Referring to the drawings and particularly to FIGS. 1 and 2, there is illustrated one exemplary arrangement for the use a vehicle tire inspection apparatus, generally designated 10, of the present invention being shown in FIGS. 3 to 5. In the illustrated arrangement, a pair of the multiple tire inspection apparatuses 10 are used in conjunction with a pair of laterally spaced barriers B. By merely driving a vehicle V, such as an eighteen-wheel tractor trailer truck, between the barriers B in either direction, the tires T of the vehicle V can be easily and readily brought into alignment over regions R of a road surface S where one or more of the inspection apparatuses 10 are disposed. One inspection apparatus 10 may be disposed adjacent to each of the barriers B or, preferably, more than one of the inspection apparatuses 10 may be disposed adjacent to each of the barriers B. Each grouping of inspection apparatuses 10 would be disposed adjacent to one of the barriers B and aligned with the other inspection apparatuses 10 such that the dual sets of the tires T disposed on one axle and on opposite sides of the vehicle V may be inspected at the same time. The vehicle tire inspection apparatus 10 of the present invention is most advantageously employed in the trucking industry where substantially more tires are employed, miles traveled, weight supported and fuel used per vehicle than in the case of passenger cars. However, the use of the vehicle tire inspection apparatus 10 need not be so limited in its applications.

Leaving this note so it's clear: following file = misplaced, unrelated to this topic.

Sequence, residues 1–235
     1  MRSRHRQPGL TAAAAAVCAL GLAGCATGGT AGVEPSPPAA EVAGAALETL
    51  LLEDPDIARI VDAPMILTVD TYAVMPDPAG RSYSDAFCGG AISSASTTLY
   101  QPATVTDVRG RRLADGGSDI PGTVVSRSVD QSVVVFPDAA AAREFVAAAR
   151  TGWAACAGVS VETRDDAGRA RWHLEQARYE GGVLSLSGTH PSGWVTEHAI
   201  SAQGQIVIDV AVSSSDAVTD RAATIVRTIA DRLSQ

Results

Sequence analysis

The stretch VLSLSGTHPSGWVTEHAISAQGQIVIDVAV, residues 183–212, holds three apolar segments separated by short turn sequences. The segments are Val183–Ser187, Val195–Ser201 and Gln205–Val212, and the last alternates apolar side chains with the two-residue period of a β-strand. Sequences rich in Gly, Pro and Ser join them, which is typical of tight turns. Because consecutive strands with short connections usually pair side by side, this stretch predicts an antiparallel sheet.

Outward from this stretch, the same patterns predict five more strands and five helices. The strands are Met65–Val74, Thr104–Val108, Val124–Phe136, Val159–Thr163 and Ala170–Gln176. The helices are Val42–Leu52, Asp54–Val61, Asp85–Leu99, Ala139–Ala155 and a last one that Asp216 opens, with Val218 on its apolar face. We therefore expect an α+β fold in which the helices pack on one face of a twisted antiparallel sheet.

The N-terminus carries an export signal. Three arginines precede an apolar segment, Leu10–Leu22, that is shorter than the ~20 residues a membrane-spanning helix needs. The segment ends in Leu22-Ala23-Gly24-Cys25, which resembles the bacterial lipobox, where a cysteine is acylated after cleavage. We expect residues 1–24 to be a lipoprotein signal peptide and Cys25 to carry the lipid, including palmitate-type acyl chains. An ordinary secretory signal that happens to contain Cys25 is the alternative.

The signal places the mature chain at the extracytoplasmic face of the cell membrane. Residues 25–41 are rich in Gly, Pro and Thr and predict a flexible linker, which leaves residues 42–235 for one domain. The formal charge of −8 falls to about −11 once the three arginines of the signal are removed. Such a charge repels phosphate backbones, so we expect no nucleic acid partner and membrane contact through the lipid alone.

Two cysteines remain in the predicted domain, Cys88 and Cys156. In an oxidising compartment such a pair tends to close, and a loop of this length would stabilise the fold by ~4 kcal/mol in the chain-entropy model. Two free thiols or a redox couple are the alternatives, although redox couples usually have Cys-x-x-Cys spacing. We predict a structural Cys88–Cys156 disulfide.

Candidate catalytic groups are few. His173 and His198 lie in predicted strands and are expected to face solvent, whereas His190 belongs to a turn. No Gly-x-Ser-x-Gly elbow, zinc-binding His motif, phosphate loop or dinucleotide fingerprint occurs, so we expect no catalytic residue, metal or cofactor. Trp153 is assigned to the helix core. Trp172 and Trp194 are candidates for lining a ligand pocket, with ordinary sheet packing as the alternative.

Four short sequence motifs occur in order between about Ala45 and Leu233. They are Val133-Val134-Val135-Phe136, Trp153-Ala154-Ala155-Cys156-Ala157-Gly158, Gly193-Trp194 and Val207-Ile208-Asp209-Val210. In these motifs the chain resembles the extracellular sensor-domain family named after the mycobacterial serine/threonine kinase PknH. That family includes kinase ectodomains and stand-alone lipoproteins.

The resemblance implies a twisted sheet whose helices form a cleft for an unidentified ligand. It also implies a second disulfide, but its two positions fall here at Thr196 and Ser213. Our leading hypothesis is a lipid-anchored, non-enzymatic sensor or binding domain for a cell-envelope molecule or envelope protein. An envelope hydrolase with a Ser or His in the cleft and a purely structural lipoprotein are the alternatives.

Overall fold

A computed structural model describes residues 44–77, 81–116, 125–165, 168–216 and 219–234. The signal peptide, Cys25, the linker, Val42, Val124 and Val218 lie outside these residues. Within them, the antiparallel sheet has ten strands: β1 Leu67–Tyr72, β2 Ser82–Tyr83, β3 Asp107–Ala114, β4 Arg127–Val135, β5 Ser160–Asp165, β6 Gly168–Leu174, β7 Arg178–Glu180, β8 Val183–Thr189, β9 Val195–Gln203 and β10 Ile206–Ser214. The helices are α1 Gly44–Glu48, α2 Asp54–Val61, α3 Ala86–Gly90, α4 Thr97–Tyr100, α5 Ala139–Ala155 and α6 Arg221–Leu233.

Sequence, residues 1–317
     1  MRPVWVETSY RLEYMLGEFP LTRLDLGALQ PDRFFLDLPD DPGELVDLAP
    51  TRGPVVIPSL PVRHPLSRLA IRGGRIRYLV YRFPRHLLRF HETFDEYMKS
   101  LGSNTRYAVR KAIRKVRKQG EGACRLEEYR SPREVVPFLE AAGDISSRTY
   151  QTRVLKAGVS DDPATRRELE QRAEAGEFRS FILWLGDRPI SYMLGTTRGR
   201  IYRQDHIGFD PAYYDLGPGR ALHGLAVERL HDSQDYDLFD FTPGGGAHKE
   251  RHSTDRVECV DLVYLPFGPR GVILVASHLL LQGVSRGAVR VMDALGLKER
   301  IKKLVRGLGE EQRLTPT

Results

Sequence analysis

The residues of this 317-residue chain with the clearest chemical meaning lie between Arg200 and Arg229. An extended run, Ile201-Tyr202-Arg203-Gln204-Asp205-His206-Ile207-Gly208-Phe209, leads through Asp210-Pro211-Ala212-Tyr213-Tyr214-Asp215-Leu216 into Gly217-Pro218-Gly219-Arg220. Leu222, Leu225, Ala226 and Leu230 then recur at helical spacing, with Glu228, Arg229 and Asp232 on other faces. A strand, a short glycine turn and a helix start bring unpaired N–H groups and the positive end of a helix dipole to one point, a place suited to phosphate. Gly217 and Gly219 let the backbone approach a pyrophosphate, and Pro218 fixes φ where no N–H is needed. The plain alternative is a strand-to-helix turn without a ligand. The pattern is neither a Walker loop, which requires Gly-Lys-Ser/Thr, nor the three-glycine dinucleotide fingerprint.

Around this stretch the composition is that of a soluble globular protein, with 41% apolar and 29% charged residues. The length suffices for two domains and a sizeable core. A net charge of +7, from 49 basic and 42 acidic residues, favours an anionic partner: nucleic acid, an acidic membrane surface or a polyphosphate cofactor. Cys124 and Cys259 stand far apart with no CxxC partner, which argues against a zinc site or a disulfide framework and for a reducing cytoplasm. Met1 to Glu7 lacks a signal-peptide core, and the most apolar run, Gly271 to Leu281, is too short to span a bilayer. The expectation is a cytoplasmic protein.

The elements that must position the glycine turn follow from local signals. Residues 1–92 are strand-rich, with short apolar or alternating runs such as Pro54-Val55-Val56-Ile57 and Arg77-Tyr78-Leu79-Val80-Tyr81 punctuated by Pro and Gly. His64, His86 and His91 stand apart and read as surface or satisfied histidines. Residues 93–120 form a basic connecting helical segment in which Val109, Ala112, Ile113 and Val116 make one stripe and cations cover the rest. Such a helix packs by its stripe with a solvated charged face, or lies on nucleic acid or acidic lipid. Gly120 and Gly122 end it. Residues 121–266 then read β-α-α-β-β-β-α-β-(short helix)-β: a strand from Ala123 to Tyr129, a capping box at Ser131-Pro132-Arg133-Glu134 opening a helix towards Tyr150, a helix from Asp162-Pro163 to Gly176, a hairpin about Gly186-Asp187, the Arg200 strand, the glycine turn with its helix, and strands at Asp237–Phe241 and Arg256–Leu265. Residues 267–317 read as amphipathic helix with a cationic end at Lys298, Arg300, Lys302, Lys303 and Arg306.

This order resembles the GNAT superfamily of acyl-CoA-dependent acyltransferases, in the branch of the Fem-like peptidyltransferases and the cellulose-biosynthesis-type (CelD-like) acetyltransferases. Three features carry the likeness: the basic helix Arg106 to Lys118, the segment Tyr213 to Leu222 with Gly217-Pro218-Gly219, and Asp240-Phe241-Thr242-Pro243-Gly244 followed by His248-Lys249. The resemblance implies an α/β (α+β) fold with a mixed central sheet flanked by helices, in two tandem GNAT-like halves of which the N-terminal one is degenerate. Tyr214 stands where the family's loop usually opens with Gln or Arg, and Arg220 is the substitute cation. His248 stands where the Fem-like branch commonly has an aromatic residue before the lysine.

Referring to FIGS. 3 to 5, the vehicle tire inspection apparatus 10 basically is adapted for inspecting either or both of the inflation condition of and the supported weight on an inflated vehicle tire T. For inspecting the inflation condition of the inflated tire T, the apparatus 10 includes a plate 12, a flexible bladder 14, a quantity of fluid 16 contained in the bladder 14, and first means 18 for receiving an image I of the footprint F of the inflated tire T and converting the image I to a measured quantity correlated to the inflation condition of inflated tire T. Additionally, for inspecting the supported weight on the inflated tire T, the apparatus 10 further includes transducer means 20 for undergoing deformation and producing an electrical signal proportional to the deformation, and second means 22 for receiving and converting the electrical signal to a measured quantity proportional to the supported weight applied by the inflated vehicle tire to the plate 12.

The plate 12 has opposite top and bottom sides 12A, 12B and is made of a substantially transparent material capable of transmitting the footprint F of the tire T as well as made of a yieldable resilient bendable material capable of undergoing a deflection in response to the weight of the tire T being applied and received on the top side 12A of the tire T. There are many plastic materials well-known to one of ordinary skill in the art that are both transparent and yieldable resilient and bendable. More particularly, the plate 12 is substantially flat and preferably is formed by a plurality of strips 24 disposed in a side-by-side relationship. The strips 24 are made of the same material as described above and thus are capable of undergoing deflection in response to the inflated tire T being applied thereon. Each strip 24 has opposite top and bottom sides 24A, 24B and is much narrower than the inflated tire T such that the top side 24A of each strip 24 has only a portion of the inflated tire T applied thereon.